One morning I arrived first, and the safe was hanging open. Because of the burglary, I immediately ran down to the gas station on the corner. The thief took the petty cash they kept in the safe. I don’t think he bothered anything else. The police came to investigate.

I loved working there; they were so good to me.

The three guys and I would sit up on the balcony and play cards sometimes when Mary was gone. It was a raised area where Wayne and Ted, the two engineers, sat. Bob the bookkeeper sat just below.

I loved the guys. They took me out for my first legal drink when I turned 21 years old. They teased me unmercifully but were so good to me.

I remember typing about 2000 W-4s at the end of the year. Men would work for one or two days and quit. I also sent all the “give us your business” cards to the small towns in multiple states. Virginia Slusher 01

The other woman–I can’t remember her name–was working there when I started.

They had a huge NCR bookkeeping machine that she taught me how to operate. Shortly after I started there, the company sold it to, I think, China.

Mary was different to say the least. She had an ugly Boxer that came to work with her sometimes. He would slobber on me; therefore, I did not like him!

She used to tape a St. Christopher medal on her desk. We joked that we wondered if the desk would take her somewhere.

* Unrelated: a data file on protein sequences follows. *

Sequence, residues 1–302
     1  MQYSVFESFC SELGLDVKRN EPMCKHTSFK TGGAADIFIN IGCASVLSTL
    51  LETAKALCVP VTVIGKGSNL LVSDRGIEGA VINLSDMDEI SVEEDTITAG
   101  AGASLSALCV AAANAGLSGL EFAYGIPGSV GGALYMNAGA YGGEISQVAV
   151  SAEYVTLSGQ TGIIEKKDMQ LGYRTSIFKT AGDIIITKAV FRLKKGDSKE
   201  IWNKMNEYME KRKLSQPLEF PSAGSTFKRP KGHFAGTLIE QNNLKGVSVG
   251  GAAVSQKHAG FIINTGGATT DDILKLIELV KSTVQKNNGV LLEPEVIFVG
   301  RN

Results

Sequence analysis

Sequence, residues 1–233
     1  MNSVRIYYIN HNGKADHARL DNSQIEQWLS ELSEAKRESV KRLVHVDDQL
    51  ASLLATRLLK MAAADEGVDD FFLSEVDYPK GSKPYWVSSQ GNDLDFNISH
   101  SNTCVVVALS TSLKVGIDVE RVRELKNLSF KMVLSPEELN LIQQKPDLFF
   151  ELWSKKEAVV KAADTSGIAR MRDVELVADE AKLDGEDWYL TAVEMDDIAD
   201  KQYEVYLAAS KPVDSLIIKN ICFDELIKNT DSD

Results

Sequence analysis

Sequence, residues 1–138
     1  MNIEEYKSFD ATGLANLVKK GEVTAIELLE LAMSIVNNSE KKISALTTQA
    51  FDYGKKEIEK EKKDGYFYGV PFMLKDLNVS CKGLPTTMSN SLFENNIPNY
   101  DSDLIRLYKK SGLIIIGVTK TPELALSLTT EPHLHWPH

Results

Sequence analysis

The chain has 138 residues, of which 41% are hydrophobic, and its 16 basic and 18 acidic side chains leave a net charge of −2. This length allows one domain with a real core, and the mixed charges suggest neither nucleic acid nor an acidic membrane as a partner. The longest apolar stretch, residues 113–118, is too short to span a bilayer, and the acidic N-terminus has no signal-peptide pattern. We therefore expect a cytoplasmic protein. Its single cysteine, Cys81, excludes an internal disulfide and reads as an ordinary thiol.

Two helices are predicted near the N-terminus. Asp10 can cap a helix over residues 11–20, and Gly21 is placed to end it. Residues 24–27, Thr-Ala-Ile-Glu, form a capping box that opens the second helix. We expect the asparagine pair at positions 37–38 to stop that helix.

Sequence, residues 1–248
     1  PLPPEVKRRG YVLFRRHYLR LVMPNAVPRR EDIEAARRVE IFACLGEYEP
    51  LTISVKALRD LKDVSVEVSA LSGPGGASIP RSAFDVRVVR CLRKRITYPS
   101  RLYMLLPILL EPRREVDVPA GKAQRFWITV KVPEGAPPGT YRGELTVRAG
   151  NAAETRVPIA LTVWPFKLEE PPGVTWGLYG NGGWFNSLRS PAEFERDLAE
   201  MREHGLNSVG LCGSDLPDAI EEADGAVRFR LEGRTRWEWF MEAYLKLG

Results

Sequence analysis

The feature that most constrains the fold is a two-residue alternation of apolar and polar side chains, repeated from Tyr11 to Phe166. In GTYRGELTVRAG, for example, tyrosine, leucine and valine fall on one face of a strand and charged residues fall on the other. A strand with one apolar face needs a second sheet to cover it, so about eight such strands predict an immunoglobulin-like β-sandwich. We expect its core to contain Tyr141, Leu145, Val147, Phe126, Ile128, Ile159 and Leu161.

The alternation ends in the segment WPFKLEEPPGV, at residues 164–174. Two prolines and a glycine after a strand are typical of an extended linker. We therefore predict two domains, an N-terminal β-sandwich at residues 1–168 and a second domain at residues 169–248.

Johnny Hassman and Virginia Slusher celebrate her business school graduation. Photo from the Virginia Slusher archive.

Johnny Hassman and Virginia Slusher celebrate her business school graduation.

She was very good to me, gave me nice bonuses at the end of the year, not quite as big as the three guys. But very good for the ’50s. I received $1000 to $15oo. The men usually around $10,000. Very large amount for the times.

Mike (Reginald) was funny, not in the office much. I had to write the checks to pay the family bills.

I was still Virginia Engel but married William Slusher while working there, 60 years now, and they were very nice to us.

When the company closed, Mary found a new job for me at Power District credit union.

Minneapolis, Kansas sports a completely unique Tillotson elevator, circa 1947

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Story and photos by Kristen Cart

I knew there was a small Tillotson elevator in Minneapolis, Kan., when I stopped there last weekend on a quick trip to Nebraska from Wichita.

I had a weekend layover and a rental car, and was headed up to see my folks. The town is right where I-135 gives out when driving north from Wichita. I had to get off anyway to continue north, so when I spotted the elevator down by the railroad bridge, I went to check it out.

The Minneapolis elevator was recorded in the concrete elevator specifications of the Tillostson Construction Company. It was one of the handful of Tillotson projects built in Kansas.

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The manhole cover at the base identifies Tillotson Construction of Omaha as builder.

I did not expect what I found. The manhole cover identified the builder, so there was no doubt, but this 1947 creation was unlike any Tillotson elevator I had ever seen.

The elevator was starkly beautiful, balanced, and gracefully situated in its surroundings. Though it was small, its perfect proportions and simplicity made it monumental. A wide-angle, close-quarters view made it look even grander in the photo.

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I have a passion for window panes—the more, the better. They look good in photos, and the Tillotson Company must have agreed—the several windows that let light into the headhouse to illuminate the workspace had a multitude of them.